Since my blog is all about ME, I thought I should write 25 things about myself. Except. 25 is far too many. I don't have the time or the imagination for that. (Worst of all, what if there aren't 25? What if there are actually only 20 things about me in the first place? Or ten? What would that mean?) AND. I don't know anything about myself as I seem to have lost myself in a pile of dirty children's clothes. And my memory? Lost in the birthing room.

I will just have to settle for a more meager narcissistic challenge. I will write 5 things. About, essentially, nothing.

Okay. Here goes.

1. Have just eaten cupcake. (Preceded by piece of chocolate cake.)
2. Elder child projectile vomited during lunch. (What a yummy ambiance.)
3. Crocuses are coming up. I would be able to see them if someone had raked the leaves last fall off the flower beds.
4. Found a suspicious substance on my pants. Could have been vomit.
5. I just stopped and examined my cuticles for five minutes. Because I couldn't think of a number five. (See. I could never make it to 25.)

Thursday, March 12, 2009

Blah, Blah, Blah Blog

On and on we go. Writing and writing. Talking and talking. Texting and texting. There are so many people saying so many things, posting them, editing them, reading and re-reading them.

It's a virtual world.

Blah, blah, blah. Another one writing.

You know who doesn't? You know who lives Zen rather than writing it? My children. And because of this, they make me crazy. Crazy with impatience, primarily, but also crazy with annoyance, crazy with frustration. Why do we have to walk so s-l-o-w-l-y to the car? Why do we need to stop and watch the airplane? I see it; let's move on. Do we need to play with our food? Let's just eat and go on to the next thing! Come on, already!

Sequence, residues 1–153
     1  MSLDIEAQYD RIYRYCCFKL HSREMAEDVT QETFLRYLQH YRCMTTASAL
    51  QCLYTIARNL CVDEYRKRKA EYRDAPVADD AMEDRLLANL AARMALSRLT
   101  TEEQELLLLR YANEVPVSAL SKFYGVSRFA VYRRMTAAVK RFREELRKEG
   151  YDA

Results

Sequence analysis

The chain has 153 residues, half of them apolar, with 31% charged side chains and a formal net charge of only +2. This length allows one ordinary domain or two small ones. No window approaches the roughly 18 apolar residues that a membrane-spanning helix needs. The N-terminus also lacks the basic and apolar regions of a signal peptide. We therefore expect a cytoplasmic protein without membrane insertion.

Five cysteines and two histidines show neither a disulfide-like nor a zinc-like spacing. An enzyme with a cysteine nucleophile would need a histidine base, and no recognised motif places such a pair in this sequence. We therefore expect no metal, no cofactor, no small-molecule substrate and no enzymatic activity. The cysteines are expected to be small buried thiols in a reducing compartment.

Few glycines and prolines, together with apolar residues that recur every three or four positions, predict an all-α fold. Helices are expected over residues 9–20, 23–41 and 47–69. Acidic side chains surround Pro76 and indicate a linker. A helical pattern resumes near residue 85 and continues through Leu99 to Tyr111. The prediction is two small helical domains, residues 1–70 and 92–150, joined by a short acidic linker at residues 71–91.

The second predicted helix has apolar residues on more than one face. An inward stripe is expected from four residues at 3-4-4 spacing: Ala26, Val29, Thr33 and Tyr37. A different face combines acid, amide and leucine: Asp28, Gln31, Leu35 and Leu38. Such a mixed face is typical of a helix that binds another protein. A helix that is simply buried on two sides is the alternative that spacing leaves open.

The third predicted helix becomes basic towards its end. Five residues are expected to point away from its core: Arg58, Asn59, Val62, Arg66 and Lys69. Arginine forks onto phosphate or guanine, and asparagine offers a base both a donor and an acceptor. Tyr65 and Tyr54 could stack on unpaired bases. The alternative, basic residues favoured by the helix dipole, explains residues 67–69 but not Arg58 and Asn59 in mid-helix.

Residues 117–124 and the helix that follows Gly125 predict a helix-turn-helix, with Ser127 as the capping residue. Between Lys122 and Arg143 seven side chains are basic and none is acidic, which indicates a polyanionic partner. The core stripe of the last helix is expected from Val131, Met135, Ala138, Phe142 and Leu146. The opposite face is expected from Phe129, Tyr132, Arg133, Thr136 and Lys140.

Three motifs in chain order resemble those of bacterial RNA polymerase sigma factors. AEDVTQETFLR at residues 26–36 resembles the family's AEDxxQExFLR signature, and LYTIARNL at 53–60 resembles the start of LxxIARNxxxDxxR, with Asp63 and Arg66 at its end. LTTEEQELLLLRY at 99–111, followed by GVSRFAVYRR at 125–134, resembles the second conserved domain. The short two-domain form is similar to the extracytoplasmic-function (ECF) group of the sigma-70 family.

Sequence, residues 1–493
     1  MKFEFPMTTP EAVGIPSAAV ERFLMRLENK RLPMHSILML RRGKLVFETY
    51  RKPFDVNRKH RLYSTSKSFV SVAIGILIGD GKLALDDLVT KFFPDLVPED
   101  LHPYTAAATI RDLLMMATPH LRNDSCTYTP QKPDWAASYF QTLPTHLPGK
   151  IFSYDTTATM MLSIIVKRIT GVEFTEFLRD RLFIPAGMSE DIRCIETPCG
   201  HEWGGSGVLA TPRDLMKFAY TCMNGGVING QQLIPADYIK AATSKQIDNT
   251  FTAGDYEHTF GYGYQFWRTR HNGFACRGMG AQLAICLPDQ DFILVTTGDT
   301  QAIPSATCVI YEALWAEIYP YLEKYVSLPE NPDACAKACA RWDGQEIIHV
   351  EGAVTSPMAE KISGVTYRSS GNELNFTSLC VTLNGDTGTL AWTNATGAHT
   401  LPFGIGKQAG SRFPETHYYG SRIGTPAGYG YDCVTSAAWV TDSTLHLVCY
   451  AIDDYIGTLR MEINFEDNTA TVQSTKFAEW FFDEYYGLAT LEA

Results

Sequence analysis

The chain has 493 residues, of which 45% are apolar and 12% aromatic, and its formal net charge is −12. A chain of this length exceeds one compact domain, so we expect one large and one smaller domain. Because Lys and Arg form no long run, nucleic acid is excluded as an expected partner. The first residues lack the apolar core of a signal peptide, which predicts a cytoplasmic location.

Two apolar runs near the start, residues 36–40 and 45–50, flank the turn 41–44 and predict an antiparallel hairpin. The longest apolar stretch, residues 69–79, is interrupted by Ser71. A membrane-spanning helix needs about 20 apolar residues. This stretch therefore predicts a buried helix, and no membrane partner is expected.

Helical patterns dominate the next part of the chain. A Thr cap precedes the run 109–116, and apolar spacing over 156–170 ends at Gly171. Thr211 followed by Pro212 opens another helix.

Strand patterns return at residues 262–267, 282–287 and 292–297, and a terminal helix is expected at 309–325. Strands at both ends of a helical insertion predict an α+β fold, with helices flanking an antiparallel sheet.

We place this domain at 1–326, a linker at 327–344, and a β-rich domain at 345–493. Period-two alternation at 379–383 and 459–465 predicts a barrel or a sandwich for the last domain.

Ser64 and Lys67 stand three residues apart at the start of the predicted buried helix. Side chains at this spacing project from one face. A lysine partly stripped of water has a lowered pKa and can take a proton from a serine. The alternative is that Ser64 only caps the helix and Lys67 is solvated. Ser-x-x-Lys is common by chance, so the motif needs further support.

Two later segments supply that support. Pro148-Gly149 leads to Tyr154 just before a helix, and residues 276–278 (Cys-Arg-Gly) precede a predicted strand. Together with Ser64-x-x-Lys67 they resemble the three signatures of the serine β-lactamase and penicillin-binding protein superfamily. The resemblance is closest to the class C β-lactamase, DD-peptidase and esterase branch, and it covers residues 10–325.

Meanwhile, they notice everything. They have everything anyone could want. They have what all the facebookers long for. They don't need followers to their blog; the whole world affirms them at every breath.

After friends left, the other day, my son took out his crayons. "This blue," he said, holding up a musky, grey-blue. "This is the color of D's Mama's eyes." He had seen and remembered the color of his friend's mother's eyes. I had no idea.

So, blah, blah, blah. On and on we go. And the little people know all there is to know. They see us. They are paying attention. They love without counting and live without timing. They are teaching me everything I used to know before I grew up. Writing is nice. Blogging is nice. But life? Life! Life is what we are here for.

Monday, March 9, 2009

Seen, Heard and Lived

1. My babysitter has never eaten a brussel sprout. (How could this happen?)

2. I ate five chocolate chip cookies while reading Jen Lancaster's dieting memoir. (Read her. She rocks.) Let me clarify. During the first 5 pages.

3. I am wearing Delta Burke underwear. No. Not Delta Burke's underwear. Just underwear with her name on the tag. (Printed. Not written in permanent pen for you day care mother's.) How can this be? I am only a size 12, yet I am wearing fat lady undies. Still, they are pretty and purple. Still. I am not so sure I am ready to surrender my hiney to BIG GIRL undies.